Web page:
This summer, as an Aurora legal intern, I was lucky enough to feel that I really did something worthwhile. I spent six amazing weeks in Canberra supporting the native title research and publications team at the Australian Institute of Aboriginal and Torres Strait Islander Studies (AIATSIS). My time as an intern developed my professional skills, increased my confidence, and encouraged me to pursue a future in native title.
AIATSIS is a world-renowned research, collections and publishing organisation that promotes understanding of Aboriginal and Torres Strait Islander culture and heritage. As an independent institute, established by Commonwealth statute in 1989, AIATSIS is in the unique position of being a trusted non-political leader of collaborations between Aboriginal and Torres Strait Islander peoples and the Australian public and private sectors. The projects that the people at AIATSIS undertake range broadly across the law, linguistics, ethics and other social sciences so I could not help but be inspired by being amongst it all.
For more information about AIATSIS visit aiatsis.gov.au
The intern experience
As an intern I felt well supported by the Aurora Internships team; I was provided with information about cultural knowledge, location and accommodation, and personal support was also available should I have needed it. Aurora also considered my particular interests in research and policy, and consulted with me, before submitting my application to AIATSIS’s Native Title Research Unit (NTRU).
I was excited at the prospect of being at the peak body for Indigenous studies. Everyone at AIATSIS made me feel welcome and I was well supported by my supervisor in the NTRU.
I was given a good variety of tasks that included desk top research, transcribing interviews, drafting case summaries, and creating website input. I even got to be involved with the last stages of work on a project about traditional fishing values that will inform fisheries management policy. I also attended staff meetings which gave me a great overview of the work being done across all of AIATSIS, and I attended a doctoral presentation at the ANU with notable people such as the President of the National Native Title Tribunal and Mick Dodson, former CEO of AIATSIS. These experiences impacted on my professional development in very practical ways. I met a lot of wonderful people and greatly honed my writing skills. I learnt about the structure of native title law as a mechanism for social justice – its benefits and its limits. This is an interesting, challenging and important area of law, and I am extremely glad that I was given the opportunity to have participated in the NTRU’s work.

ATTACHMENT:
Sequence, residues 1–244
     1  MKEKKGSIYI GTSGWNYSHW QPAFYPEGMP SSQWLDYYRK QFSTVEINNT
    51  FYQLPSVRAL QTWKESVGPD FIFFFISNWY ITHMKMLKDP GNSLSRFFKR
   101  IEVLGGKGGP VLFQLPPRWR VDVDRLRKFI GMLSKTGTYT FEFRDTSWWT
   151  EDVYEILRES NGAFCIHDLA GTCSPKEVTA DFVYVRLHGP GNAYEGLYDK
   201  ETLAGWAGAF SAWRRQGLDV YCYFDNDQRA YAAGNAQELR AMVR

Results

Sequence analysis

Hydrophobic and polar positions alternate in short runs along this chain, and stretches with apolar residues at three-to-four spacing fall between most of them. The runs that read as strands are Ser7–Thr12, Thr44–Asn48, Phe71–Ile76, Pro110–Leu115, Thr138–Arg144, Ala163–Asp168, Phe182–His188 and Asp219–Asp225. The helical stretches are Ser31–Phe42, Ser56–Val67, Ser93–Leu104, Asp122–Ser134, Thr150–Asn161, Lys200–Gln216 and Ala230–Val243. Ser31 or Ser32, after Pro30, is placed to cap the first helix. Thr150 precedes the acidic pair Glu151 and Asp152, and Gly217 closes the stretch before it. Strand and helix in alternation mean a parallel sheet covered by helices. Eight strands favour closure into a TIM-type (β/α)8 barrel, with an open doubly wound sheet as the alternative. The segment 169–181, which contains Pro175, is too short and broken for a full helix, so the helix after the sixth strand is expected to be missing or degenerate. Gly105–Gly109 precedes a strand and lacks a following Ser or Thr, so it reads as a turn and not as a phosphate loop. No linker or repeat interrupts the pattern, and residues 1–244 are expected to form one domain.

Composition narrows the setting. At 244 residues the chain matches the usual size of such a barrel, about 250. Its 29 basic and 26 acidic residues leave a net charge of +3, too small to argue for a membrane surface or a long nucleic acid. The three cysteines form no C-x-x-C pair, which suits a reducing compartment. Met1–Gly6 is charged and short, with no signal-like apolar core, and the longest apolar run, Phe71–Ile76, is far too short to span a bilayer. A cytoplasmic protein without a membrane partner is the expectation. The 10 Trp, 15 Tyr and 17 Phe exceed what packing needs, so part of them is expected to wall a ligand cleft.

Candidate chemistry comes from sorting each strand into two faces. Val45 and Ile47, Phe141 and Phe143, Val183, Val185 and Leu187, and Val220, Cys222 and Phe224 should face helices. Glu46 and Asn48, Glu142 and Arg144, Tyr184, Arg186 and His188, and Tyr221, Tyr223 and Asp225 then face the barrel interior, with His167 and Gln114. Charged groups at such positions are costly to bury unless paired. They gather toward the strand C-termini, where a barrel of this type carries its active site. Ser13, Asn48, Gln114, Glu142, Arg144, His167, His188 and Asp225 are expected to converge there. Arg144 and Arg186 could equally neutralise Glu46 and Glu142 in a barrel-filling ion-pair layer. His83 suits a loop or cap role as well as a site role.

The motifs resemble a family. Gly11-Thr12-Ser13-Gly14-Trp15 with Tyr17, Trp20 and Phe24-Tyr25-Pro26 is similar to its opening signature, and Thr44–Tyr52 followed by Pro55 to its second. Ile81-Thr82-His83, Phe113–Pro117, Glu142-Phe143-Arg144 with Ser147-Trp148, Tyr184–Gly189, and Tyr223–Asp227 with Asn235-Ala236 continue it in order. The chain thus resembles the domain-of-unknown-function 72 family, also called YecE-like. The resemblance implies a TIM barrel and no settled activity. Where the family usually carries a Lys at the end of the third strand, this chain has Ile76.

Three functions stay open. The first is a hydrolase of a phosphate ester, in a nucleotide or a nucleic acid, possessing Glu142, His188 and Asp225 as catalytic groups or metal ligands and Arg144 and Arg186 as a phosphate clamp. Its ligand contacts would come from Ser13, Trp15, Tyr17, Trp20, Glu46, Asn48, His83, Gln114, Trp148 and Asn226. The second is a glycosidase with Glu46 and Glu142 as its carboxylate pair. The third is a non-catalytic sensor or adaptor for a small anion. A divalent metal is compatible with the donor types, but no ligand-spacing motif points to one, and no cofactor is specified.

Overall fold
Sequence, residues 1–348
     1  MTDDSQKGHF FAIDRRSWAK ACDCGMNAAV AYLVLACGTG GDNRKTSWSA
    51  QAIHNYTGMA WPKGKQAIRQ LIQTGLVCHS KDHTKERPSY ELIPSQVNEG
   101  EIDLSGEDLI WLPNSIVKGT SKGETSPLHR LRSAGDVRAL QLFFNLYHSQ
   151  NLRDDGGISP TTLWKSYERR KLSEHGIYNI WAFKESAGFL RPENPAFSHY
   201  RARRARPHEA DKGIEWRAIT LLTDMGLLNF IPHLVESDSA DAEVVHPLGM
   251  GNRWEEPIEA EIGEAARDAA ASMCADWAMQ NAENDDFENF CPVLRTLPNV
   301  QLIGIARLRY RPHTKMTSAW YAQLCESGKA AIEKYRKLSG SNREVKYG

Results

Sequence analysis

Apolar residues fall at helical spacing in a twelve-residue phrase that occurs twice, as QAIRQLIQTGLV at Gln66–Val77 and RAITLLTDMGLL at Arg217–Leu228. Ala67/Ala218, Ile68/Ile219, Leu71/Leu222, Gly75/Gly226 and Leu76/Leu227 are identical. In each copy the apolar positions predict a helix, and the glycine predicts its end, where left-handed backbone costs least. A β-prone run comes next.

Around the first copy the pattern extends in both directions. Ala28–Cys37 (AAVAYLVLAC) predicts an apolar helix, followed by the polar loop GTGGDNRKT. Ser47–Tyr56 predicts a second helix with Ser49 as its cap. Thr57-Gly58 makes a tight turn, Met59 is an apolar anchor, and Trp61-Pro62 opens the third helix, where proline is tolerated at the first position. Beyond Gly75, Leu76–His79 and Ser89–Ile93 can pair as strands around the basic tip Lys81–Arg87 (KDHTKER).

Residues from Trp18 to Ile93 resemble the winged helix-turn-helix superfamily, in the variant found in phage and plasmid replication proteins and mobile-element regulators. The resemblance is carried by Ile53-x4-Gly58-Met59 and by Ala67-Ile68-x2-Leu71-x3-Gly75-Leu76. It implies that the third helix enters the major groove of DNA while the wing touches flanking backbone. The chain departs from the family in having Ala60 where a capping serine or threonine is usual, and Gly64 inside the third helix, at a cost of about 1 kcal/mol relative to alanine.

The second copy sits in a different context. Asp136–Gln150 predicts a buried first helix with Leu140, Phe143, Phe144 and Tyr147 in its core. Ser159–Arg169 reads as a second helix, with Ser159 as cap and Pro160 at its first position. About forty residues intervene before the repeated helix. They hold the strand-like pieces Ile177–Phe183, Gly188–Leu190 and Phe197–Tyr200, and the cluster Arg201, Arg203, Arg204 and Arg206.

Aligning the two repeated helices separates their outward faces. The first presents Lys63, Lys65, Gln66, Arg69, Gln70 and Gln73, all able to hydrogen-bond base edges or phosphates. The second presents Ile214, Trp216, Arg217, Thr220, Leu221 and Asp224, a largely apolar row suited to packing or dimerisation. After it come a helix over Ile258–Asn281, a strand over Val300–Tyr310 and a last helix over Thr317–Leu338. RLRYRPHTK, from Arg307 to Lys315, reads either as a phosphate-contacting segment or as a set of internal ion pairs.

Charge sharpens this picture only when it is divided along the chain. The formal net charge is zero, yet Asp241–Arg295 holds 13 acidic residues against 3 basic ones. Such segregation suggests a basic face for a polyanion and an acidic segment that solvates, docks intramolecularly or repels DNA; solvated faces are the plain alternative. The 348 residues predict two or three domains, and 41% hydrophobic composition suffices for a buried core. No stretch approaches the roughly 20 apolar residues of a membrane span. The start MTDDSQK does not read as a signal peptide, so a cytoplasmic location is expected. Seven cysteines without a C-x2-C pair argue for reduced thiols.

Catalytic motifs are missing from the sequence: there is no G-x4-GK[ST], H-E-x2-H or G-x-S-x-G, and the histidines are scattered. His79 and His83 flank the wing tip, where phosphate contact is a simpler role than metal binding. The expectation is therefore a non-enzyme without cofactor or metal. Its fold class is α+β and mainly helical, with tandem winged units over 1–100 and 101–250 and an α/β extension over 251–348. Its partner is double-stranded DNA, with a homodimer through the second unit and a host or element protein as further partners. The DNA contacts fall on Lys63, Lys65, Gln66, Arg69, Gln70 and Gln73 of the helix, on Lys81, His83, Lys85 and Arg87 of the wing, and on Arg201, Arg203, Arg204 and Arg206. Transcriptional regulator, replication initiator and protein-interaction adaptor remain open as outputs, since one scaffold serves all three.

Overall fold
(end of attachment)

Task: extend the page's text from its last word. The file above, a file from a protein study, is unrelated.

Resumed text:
Canberra is a great place to explore in your downtime. It is not called the bush capital for nothing! There are plenty of bush walks and the botanic gardens to explore, as well as Parliament House (old and new), the galleries, courts and libraries.
I would recommend the Aurora internship experience to any student or new graduate, that wants to expand their professional capabilities and to discover an area of Australian law that they may not previously have had much exposure to.
The Aurora Internship Program
The Program facilitates legal, social science, health science and social welfare internships with Indigenous and Indigenous sector organisations.
For more information see http://auroraproject.com.au/internship-program